February 24, 2012
By – Dani Hart
“‘Men,’ said Mr. Kyle, ‘people have been trying to understand dogs ever since the beginning of time. One never knows what they’ll do. You can read every day where a dog saved the life of a drowning child, or lay down his life for his master. Some people call this loyalty. I don’t. I may be wrong, but I call it love–the deepest kind of love.'”
-Wilson Rawls, Where the Red Fern Grows
It seemed like we’d been looking forever for a dog. Walking past the pet stores in the West Village we’d stare into the saliva smudged display windows and make faces at the French Bulldogs. They mugged back, cuter than we were. They knew it too.
But the initial surge of warmth always faded after watching the puppies at play. Because if you went inside, if you walked in the back, there were the big dogs. The ones who hadn’t found a home and were now overgrown, no longer worthy of the window. You could trace your finger along the cage while they watched with listless desperation. Their price, much lower than the rest, was scrawled in white grease pencil next to a sticker marked “Clearance.”
We began looking at animal shelters and rescue groups. Petfinder.org was a great resource we kept coming back to. But no matter how cute the animal was or engaging the description, we’d look at each other and shake our heads. “Not the right time,” we’d say. “Who has time for all those walks?”
Until we saw Gatsby.
His name wasn’t Gatsby then. It was Stephon. We found him on a dreary rainy day, the kind of day where you praise the Lord for Milton Bradley and the invention of board games. However, the game we decided to play that day was let’s find ourselves a dog.
We searched “small.” We searched “young.” We searched “Brooklyn.” And there was Gatsby, wearing the brightest, snazziest smile I have ever seen.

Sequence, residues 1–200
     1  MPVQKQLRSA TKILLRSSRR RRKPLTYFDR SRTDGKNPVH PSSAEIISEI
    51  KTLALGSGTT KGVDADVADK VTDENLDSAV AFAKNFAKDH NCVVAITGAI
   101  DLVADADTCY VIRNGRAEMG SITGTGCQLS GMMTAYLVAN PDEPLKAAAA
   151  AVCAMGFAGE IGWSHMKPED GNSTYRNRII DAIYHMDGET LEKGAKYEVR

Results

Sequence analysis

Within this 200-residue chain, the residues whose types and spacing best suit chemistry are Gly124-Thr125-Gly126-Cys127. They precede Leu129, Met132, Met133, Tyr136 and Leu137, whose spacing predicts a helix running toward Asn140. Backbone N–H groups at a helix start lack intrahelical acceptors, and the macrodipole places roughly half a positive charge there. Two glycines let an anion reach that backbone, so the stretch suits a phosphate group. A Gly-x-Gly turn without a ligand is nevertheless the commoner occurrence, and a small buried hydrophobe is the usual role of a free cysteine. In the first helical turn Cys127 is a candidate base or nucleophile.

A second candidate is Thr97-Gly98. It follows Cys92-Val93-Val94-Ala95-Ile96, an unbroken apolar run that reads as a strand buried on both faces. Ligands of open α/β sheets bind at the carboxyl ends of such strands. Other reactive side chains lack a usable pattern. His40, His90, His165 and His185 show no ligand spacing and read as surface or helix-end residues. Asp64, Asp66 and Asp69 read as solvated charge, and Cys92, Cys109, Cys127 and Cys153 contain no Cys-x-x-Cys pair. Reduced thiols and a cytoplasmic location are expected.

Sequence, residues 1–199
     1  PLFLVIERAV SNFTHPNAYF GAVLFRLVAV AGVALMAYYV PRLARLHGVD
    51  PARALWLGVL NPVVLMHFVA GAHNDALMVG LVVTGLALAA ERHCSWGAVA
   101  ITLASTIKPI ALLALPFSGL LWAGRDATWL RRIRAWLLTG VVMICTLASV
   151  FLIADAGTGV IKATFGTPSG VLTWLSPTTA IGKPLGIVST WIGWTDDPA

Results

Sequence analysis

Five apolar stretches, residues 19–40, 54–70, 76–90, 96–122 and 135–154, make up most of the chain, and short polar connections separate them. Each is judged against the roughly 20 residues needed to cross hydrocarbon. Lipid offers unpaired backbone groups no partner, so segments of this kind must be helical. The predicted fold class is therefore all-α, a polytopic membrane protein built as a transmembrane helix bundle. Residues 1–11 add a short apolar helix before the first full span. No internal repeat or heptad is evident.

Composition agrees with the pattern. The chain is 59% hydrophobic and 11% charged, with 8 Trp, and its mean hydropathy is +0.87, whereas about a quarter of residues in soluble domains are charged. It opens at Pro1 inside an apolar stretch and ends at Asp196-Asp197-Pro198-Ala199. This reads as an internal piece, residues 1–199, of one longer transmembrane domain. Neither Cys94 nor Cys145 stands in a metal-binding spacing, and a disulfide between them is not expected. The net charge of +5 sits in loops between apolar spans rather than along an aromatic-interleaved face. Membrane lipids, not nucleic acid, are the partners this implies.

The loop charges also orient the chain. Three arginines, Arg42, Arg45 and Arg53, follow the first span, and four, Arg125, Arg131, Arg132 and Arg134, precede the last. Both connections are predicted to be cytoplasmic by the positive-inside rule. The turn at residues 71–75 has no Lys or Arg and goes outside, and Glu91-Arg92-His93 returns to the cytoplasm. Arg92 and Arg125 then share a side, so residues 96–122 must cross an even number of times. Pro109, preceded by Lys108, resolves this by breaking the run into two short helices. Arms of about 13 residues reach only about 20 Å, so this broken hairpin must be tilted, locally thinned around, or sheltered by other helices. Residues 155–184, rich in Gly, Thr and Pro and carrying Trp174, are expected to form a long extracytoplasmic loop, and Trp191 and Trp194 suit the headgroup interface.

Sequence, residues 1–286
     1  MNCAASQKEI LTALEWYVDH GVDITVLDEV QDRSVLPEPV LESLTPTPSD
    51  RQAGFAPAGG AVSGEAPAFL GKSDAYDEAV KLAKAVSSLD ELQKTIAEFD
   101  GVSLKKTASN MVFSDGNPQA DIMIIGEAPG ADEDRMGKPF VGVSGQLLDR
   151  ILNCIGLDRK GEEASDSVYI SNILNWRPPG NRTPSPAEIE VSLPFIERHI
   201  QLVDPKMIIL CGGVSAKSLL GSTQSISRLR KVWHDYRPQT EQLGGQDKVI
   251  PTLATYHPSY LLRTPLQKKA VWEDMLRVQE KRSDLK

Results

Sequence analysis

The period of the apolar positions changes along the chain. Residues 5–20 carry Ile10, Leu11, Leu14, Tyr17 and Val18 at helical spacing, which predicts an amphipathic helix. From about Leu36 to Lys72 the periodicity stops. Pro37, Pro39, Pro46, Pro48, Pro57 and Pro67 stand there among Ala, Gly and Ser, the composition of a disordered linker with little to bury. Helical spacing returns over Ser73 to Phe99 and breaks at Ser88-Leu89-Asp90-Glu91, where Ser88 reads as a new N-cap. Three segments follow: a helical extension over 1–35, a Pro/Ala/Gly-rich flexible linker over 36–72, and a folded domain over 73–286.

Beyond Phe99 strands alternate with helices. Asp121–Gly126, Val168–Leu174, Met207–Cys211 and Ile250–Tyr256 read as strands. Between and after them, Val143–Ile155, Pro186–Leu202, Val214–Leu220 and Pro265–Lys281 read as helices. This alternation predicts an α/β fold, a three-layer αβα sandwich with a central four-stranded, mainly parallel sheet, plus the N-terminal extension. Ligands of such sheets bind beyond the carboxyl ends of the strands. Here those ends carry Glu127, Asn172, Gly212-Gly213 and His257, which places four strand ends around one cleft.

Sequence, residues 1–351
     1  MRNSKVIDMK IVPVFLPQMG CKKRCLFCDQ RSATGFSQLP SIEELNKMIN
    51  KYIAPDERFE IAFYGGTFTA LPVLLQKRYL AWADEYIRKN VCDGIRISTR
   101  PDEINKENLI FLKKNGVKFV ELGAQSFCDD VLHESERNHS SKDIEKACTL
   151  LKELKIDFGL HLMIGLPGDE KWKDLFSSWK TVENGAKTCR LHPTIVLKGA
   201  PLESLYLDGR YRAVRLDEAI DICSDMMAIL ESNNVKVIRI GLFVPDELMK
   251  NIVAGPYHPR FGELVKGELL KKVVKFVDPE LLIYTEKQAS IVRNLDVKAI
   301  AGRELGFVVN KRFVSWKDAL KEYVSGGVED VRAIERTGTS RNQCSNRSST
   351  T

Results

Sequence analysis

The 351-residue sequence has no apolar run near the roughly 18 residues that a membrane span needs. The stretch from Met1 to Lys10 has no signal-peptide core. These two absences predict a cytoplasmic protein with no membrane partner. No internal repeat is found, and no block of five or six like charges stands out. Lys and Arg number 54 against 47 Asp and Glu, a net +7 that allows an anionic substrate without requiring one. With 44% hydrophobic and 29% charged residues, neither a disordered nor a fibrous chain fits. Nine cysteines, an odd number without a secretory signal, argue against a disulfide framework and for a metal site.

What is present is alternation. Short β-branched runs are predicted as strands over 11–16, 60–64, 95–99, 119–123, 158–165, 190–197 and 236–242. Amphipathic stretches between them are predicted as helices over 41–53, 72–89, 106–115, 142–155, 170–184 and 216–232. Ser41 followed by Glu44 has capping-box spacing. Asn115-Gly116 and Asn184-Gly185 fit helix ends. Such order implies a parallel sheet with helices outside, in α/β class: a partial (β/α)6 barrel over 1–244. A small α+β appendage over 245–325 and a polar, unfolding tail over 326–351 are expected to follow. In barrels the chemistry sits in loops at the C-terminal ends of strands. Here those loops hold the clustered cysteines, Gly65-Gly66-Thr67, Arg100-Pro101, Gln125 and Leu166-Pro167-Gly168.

“That’s our dog,” I told my husband. And he agreed.
We called before we left the house to ask if he was still available. We were certain he’d been adopted already. But it was a rainy day, and the people who said they’d come for him didn’t. And then we were in the car, driving like mad to get to the shelter before it closed.
Sean Casey Animal Rescue immediately felt different from the pet store. It was equally as busy. There were dogs, and cats, and lizards, and birds. But the listless desperation was replaced with spirited hope. Volunteers tended to the animals with care. The animals showed their appreciation in those subtle to humans yet obvious to animals way they have. An elderly tabby cat nuzzled someone’s outstretched hand. The pitbull with the home cropped ears wagging his stumpy tail in delight while being walked. For some of the animals, this was likely their first kindness in a long time.
They knew they had been given a second chance.
The staff generously allowed us to walk Gatsby around the block. Afterward, he plopped down and immediately looked up at us as if to say, “so when are we going home?”
And home we went.
It’s been six months since Gatsby moved in. He’s gained a few pounds, lost a few toys, befriended one of our cats, and signed a peace treaty with the other. He twirls, he woofs, he races around our apartment like he’s training for the New York City marathon. In his spare time he even models for our clothing line. It’s nice to have a model you can pay in biscuits.
People tell us how handsome and proud Gatsby looks when they see this picture. His handsomeness is inherited, but I’d like to think his pride comes from knowing he is always, and forever, home.
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